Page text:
"After Kneehigh’s fabulous Brief Encounter I expected inventive, fearless playfulness: new life springing from an old film in energetic theatrical form. Deprived of close-up and long-shot, theatre must convey emotion in different ways. Here it falters. In the first act, neatly choreographed matelots rearrange not only props but people, and it is hard to feel the intimacy of lovers when they are being whisked from bollard to bollard. It is a relief when later Geneviève’s mother (Joanna Riding) crossly motions the helpful seafarers away and exits unaided. Cynthia Erivo is touching as the nurse who longs for Guy, but I have no idea why Aunt Elise is a bloke. All the singers — except Bawden — need a more generous sound balance: the eight-piece band often made the score intrusive. But Lez Brotherston's set is enchanting, with doll's-house streets, gantries and a long ramp to slither down. Young love is consummated on it too, which is a bit worrying. Dangerous, I'd say, to unbutton at the top of what only moments before proved to be quite a fast slide. The fact that this crossed my mind indicates a certain emotional malfunction. Must be my bowler 'at."
"Nostalgia drives The Umbrellas of Cherbourg, a musical with not much more than one tune and a thin plot ... If this production fails to match the film's success it will be because live theatre is less evocative of rain-spattered rejection and because the romantic leads here, Carly Bawden and Andrew Durand, are fearfully unsexy ... Meow Meow has a reasonable voice but her lines are lamentable. I had no idea afterwards who or what this Maitresse was meant to be. Durand's clear tenor repeatedly has trouble reaching lower notes and he looks no more French than the late Sir Norman Wisdom. Bawden, too, has lovely clarity, as does Joanna Riding who plays Genevieve's cash-strapped Mamman. Riding opts for a rather horsey Englishness. It is not quite what you would expect from the proprietress of an umbrella shop in Cherbourg. Cynthia Erivo shows promise as a maid to Guy's aged aunt (who for some reason is played by a bloke). But without the repeated strains of 'I Will Wait For You' all their efforts would wither. Director Emma Rice, unable to give us lingering shots of Cherbourg, hammers home the port theme by inventing a trio of sailors who keep lifting other characters by the armpits and depositing them in different parts of the stage. This device becomes extremely irritating. There are also sporadic touches of zany invention, such as a mode village of Cherbourg and a little toy car ... In fact, the whole thing washes over you rather like a warm water. And you do leave the theatre heady with thoughts of de Gaulle's France, and northern ports such as Cherbourg, and your girlfriends from youth's yesteryear. The heady brew of regret. That's why, rather to my surprise, I give it three stars. I must be turning into an old softie!"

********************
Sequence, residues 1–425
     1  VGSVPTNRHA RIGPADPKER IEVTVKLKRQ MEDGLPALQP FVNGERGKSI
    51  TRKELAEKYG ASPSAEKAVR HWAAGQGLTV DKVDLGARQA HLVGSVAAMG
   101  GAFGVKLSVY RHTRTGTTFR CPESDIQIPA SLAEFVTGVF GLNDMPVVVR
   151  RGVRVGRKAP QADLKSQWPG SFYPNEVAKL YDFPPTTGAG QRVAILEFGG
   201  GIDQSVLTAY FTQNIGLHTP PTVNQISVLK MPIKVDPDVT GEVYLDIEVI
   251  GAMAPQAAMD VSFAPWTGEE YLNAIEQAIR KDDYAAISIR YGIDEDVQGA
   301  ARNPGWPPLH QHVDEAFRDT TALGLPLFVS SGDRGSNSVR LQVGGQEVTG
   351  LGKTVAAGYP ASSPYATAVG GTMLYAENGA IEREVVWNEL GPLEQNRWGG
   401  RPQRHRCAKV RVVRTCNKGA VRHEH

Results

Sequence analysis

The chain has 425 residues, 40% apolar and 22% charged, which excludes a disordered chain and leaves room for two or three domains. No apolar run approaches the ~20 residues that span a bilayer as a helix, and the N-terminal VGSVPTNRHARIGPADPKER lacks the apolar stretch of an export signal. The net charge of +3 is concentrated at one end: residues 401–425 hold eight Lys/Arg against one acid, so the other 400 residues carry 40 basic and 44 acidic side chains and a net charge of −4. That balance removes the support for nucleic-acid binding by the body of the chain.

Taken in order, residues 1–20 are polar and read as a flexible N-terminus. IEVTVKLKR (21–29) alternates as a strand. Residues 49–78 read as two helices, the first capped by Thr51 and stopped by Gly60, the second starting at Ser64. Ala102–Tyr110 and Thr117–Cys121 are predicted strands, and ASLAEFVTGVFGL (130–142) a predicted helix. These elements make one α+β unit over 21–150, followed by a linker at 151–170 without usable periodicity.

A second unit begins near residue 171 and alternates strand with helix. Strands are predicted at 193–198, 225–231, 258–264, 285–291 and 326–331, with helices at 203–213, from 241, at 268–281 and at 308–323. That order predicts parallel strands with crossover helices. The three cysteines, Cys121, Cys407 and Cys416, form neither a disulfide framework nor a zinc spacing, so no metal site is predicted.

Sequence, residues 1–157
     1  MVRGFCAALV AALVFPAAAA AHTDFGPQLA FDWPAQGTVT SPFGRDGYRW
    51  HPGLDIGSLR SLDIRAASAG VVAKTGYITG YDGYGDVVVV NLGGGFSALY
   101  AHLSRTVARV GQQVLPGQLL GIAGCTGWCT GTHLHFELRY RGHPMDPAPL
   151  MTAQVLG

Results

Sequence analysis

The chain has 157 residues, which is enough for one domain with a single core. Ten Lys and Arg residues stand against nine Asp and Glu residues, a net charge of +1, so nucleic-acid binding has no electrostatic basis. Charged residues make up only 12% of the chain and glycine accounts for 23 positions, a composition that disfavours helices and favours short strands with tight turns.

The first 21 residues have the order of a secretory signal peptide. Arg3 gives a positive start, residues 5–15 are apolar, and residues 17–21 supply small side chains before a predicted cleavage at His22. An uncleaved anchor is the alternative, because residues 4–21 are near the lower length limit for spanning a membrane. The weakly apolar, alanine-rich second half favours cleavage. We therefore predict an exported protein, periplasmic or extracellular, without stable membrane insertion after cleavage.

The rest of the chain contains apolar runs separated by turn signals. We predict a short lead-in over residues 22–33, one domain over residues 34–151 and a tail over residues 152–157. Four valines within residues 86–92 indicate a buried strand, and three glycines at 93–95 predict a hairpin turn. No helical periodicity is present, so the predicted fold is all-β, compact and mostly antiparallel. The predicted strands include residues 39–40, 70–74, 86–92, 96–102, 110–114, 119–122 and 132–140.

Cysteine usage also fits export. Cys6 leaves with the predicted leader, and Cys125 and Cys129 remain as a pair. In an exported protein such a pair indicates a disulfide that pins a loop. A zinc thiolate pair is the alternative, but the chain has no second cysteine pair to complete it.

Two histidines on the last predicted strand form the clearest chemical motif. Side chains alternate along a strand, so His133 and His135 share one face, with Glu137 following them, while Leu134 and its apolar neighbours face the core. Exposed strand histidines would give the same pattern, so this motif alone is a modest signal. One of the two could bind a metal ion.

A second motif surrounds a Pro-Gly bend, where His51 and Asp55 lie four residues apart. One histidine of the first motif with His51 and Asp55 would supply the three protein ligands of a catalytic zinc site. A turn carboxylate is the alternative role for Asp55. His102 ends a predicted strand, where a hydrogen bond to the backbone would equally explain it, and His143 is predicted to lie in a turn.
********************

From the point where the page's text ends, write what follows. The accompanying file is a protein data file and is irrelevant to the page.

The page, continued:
"I have to say that the film is far from being my own tasse de tisane, with its Gallic artiness and a whimsical charm that often borders on the downright kitsch. And since Rice’s stage adaptation is pretty faithful to the original... the show didn’t do much for me either ... There is little psychological insight in the writing and the fact that all the dialogue is sung serves to underline its banality. 'I am afraid she will develop a nervous complaint from the life that we lead,' sings the mother. It’s not exactly Sondheim, is it? I found it hard to warm to a heroine who so quickly takes the pragmatic way out of her difficulty, and the young lovers are in any case given curiously charmless, sexually tepid performances by Carly Bawden and Andrew Durand. Worse still, there is only one decent song amid the interminable recitative. Legrand’s 'I Will Wait for You' is certainly a dreamily romantic melody, but a musical with only one great number seems to me to be short-changing its audience. Joanna Riding is excellent as the anxious, control-freak of a mother, and Lez Brotherston’s designs... are ingenious. Nevertheless, for all its attempts to seduce the audience, I found this an impossible show to love. Even the poignant ending feels like too little, too late."
- Rebecca Black